16. 16. 16 C ONTRIBUTED R ESEARCH A RTICLES Viewports number of labels and the width of the viewport is based on the width of the largest label, plus a 2 mm A feature of the boxes in the diagram at the begin- gap either side. This code also simplifies the labelling ning of this article is that the text is carefully posi- by drawing both labels in a single grid.text() call. tioned relative to the rounded rectangle; the text is left-aligned within the rectangle. This careful posi- > labels <- c("ISBN", "title") tioning requires knowing where the left edge of the > vp <- rectangle is on the page. Calculating those positions viewport(width=max(stringWidth(labels))+ is annoyingly tricky and only becomes more annoy- unit(4, "mm"), ing if at some later point the position of the box is height=unit(length(labels), adjusted and the positions of the text labels have to "lines")) be calculated all over again. > pushViewport(vp) Using a grid viewport makes this sort of position- > grid.roundrect() ing very simple. The basic idea is that we can create > grid.text(labels, a viewport where the box is going to be drawn and x=unit(2, "mm"), then do all of our drawing within that viewport. Po- y=unit(2:1 - 0.5, "lines"), sitioning text at the left edge of a viewport is very just="left") straightforward, and if we need to shift the box, we > popViewport() simply shift the viewport and the text automatically tags along for the ride. All of this applies equally to ISBN positioning the text vertically within the box. title In the code below, we create a viewport for the overall box, we draw a rounded rectangle occupying the entire viewport, then we draw text 2 mm from the left hand edge of the viewport and 1.5 lines of text up from the bottom of the viewport. A second Clipping line of text is also added, 0.5 lines of text from the Another feature of the boxes that we want to pro- bottom. duce is that they have shaded backgrounds. Looking > pushViewport(viewport(width=.25)) closely, there are some relatively complex shapes in- > grid.roundrect() volved in this shading. For example, the grey back- > grid.text("ISBN", ground for the “heading” of each box has a curvy x=unit(2, "mm"), top, but a flat bottom. These are not simple rounded y=unit(1.5, "lines"), rectangles, but some unholy alliance of a rounded just="left") rectangle and a normal rectangle. > grid.text("title", It is possible, in theory, to achieve any sort of x=unit(2, "mm"), shape with R because there is a general polygon y=unit(0.5, "lines"), graphical primitive. However, as with the position- just="left") ing of the text labels, determining the exact boundary > popViewport() of this polygon is not trivial and there are easier ways to work. In this case, we can achieve the result we want us- ing clipping, so that any drawing that we do is only ISBN title visible on a restricted portion of the page. R does not provide clipping to arbitrary regions, but it is pos- sible to set the clipping region to any rectangular re- Coordinate systems gion. The basic idea is that we will draw the complete The positioning of the labels within the viewport in rounded rectangle, then set the clipping region for the previous example demonstrates another useful the box viewport so that no drawing can occur in feature of the grid graphics system: the fact that loca- the last line of text in the box and then draw the tions can be specified in a variety of coordinate sys- rounded rectangle again, this time with a different tems or units. In that example, the text was posi- background. If we continue doing this, we end up tioned horizontally in terms of millimetres and ver- with bands of different shading. tically in terms of lines of text (which is based on the The following code creates an overall viewport font size in use). for a box and draws a rounded rectangle with a grey As another example of the use of these different fill. The code then sets the clipping region to start units, we can size the overall viewport so that it is one line of text above the bottom of the viewport and just the right size to fit the text labels. In the follow- draws another rounded rectangle with a white fill. ing code, the height of the viewport is based on the The effect is to leave just the last line of the original The R Journal Vol. 1/1, May 2009 ISSN 2073-4859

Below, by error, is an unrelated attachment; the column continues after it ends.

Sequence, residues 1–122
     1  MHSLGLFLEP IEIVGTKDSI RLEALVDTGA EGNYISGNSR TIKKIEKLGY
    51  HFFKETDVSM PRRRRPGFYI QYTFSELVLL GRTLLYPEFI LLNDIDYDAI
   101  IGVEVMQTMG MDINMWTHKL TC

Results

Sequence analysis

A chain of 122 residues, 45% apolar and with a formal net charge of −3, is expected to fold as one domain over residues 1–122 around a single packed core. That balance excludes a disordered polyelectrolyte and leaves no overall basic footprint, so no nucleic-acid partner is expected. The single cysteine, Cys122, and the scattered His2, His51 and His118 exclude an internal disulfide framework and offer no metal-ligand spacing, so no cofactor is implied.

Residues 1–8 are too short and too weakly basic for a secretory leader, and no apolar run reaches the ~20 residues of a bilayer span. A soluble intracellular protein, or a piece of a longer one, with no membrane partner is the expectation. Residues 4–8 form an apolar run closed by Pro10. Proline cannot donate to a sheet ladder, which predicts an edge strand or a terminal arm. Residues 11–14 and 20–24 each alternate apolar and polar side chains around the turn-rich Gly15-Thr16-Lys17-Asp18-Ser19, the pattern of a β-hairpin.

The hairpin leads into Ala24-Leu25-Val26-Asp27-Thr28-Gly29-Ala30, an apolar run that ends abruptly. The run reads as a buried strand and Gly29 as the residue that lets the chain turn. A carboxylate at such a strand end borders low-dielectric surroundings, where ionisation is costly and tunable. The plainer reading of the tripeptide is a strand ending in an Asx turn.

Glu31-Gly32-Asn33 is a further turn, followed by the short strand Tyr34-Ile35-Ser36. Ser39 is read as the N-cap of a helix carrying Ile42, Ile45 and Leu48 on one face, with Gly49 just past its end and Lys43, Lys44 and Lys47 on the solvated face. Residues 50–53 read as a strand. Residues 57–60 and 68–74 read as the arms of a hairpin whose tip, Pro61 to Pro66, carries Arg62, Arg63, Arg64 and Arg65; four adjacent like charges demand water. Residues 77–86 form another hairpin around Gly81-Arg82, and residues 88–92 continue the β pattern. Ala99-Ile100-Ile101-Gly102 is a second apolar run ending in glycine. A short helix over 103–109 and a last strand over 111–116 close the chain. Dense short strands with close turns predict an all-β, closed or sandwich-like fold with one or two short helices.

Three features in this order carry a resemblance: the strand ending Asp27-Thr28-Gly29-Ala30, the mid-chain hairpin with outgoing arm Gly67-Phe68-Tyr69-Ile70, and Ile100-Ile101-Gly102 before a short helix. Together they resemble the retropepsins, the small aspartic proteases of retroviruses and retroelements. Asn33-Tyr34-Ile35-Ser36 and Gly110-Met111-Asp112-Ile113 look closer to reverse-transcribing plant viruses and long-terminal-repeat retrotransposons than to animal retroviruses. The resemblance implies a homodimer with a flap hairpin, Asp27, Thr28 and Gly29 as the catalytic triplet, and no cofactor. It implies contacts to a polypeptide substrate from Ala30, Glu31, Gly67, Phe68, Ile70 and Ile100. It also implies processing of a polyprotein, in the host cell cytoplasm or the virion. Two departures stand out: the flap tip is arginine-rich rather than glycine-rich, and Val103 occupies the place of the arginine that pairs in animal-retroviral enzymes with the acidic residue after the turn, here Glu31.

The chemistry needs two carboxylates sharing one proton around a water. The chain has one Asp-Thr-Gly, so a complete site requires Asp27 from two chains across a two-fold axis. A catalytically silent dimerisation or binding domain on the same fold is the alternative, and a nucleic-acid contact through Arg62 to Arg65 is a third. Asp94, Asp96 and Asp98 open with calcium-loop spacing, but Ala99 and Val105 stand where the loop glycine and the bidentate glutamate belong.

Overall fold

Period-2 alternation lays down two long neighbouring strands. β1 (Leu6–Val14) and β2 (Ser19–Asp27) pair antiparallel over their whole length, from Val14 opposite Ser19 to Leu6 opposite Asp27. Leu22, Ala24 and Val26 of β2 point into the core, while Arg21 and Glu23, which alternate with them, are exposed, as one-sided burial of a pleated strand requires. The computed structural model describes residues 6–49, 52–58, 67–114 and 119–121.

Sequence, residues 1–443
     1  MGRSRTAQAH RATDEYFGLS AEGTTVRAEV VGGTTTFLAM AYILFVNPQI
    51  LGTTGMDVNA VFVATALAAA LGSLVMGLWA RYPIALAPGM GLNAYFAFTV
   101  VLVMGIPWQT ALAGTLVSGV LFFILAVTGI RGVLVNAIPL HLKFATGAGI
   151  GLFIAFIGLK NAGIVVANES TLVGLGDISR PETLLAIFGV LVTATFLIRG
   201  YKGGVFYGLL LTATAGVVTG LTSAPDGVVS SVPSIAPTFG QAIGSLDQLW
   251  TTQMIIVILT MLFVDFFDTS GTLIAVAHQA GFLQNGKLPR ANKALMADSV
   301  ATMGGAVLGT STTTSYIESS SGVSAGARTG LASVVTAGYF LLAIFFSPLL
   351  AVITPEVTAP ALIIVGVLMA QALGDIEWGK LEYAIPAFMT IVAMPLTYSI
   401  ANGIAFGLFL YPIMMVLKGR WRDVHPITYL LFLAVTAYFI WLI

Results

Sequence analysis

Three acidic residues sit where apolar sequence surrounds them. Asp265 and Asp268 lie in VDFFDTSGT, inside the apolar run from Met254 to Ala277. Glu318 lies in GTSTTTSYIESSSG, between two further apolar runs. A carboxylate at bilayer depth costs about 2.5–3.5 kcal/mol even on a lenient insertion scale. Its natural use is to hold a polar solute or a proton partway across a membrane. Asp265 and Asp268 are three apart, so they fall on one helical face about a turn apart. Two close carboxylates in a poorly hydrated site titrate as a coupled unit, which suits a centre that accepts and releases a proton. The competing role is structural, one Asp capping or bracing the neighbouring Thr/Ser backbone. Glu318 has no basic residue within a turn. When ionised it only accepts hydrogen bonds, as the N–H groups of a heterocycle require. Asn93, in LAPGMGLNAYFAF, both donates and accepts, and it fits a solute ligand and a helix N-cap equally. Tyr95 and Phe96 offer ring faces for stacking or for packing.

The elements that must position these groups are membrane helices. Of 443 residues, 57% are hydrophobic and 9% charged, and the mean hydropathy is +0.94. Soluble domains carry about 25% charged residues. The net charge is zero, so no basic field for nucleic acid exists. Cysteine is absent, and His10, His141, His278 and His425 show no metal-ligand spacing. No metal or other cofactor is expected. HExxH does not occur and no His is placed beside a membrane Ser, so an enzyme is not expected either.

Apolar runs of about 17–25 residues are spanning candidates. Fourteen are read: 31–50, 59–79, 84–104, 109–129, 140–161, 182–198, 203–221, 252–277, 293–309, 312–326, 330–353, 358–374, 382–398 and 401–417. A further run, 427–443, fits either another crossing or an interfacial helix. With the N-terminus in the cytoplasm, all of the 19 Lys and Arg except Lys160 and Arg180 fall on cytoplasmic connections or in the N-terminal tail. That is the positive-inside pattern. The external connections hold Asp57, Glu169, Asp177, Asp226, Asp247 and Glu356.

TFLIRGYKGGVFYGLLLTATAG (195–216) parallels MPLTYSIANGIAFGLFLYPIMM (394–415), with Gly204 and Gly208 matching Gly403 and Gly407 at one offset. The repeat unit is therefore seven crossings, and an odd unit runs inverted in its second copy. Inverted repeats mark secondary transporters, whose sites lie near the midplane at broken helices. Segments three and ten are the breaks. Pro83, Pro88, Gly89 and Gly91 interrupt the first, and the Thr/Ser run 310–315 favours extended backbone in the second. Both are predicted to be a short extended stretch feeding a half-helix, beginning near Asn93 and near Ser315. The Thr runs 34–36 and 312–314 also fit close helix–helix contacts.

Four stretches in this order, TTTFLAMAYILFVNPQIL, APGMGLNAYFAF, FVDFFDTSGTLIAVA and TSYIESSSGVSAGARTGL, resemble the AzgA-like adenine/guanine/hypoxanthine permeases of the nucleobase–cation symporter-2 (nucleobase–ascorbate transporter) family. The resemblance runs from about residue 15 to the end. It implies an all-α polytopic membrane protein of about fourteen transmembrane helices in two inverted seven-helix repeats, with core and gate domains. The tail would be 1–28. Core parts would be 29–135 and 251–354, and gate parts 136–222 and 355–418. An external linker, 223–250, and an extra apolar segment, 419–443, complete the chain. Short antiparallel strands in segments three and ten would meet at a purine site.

17. 17. C ONTRIBUTED R ESEARCH A RTICLES 17 grey rounded rectangle showing beneath the white add an arrow to either end of any straight or curvy rounded rectangle that has had its last line clipped. line that R draws. The following code draws three curves between > pushViewport(viewport(width=.25)) pairs of end points. The first curve draws the default > grid.roundrect(gp=gpar(fill="grey")) “city-block” line between end points, with a smooth > grid.clip(y=unit(1, "lines"), corner at the turning point, the second curve is sim- just="bottom") ilar, but with an extra corner added, and the third > grid.roundrect(gp=gpar(fill="white")) curve draws a single wide, smooth corner that is dis- > popViewport() torted towards the end point. The third curve also has an arrow at the end. > x1a <- 0.1; x1b <- 0.2 > y1a <- 0.2; y1b <- 0.8 > grid.curve(x1a, y1a, x1b, y1b) > x2a <- 0.4; x2b <- 0.5 > y2a <- 0.2; y2b <- 0.8 Drawing curves > grid.curve(x2a, y2a, x2b, y2b, Another basic shape that is used in the overall dia- inflect=TRUE) gram is a nice curve from one box to another. > x3a <- 0.7; x3b <- 0.8 In addition to the basic functions to draw straight > y3a <- 0.2; y3b <- 0.8 lines in R, there are functions that draw curves. In > grid.curve(x3a, y3a, x3b, y3b, particular, R provides a graphical primitive called an ncp=8, angle=135, X-spline (Blanc and Schlick, 1995). The idea of an X- square=FALSE, spline is that we define a set of control points and a curvature=2, curve is drawn either through or near to the control arrow=arrow(angle=15)) points. Each control point has a parameter that spec- q q q ifies whether to create a sharp corner at the control point, or draw a smooth curve through the control q q q point, or draw a smooth curve that passes nearby. The following code sets up sets of three control points and draws an X-spline relative to each set of control points. The first curve makes a sharp corner Graphical functions at the middle control point, the second curve makes a The use of graphical primitives, viewports, coordi- smooth corner through the middle control point, and nate systems, and clipping, as described so far, can the third curve makes a smooth corner near the mid- be used to produce a box of the style shown in the dle control point. The control points are drawn as diagram at the start of the article. For example, the grey dots for reference (code not shown). following code produces a box containing three la- > x1 <- c(0.1, 0.2, 0.2) bels, with background shading to assist in differenti- > y1 <- c(0.2, 0.2, 0.8) ating among the labels. > grid.xspline(x1, y1) > labels <- c("ISBN", "title", "pub") > x2 <- c(0.4, 0.5, 0.5) > vp <- > y2 <- c(0.2, 0.2, 0.8) viewport(width=max(stringWidth( > grid.xspline(x2, y2, shape=-1) labels))+ > x3 <- c(0.7, 0.8, 0.8) unit(4, "mm"), > y3 <- c(0.2, 0.2, 0.8) height=unit(length(labels), > grid.xspline(x3, y3, shape=1) "lines")) > pushViewport(vp) q q q > grid.roundrect() > grid.clip(y=unit(1, "lines"), q q q q q q just="bottom") Determining where to place the control points for > grid.roundrect(gp=gpar(fill="grey")) a curve between two boxes is another one of those > grid.clip(y=unit(2, "lines"), annoying calculations, so a more convenient option just="bottom") is provided by a curve graphical primitive in grid. > grid.roundrect(gp=gpar(fill="white")) The idea of this primitive is that we simply spec- > grid.clip() ify the start and end points of the curve and R fig- > grid.text(labels, ures out a set of reasonable control points to produce x=unit(rep(2, 3), "mm"), an appropriate X-spline. It is also straightforward to y=unit(3:1 - .5, "lines"), The R Journal Vol. 1/1, May 2009 ISSN 2073-4859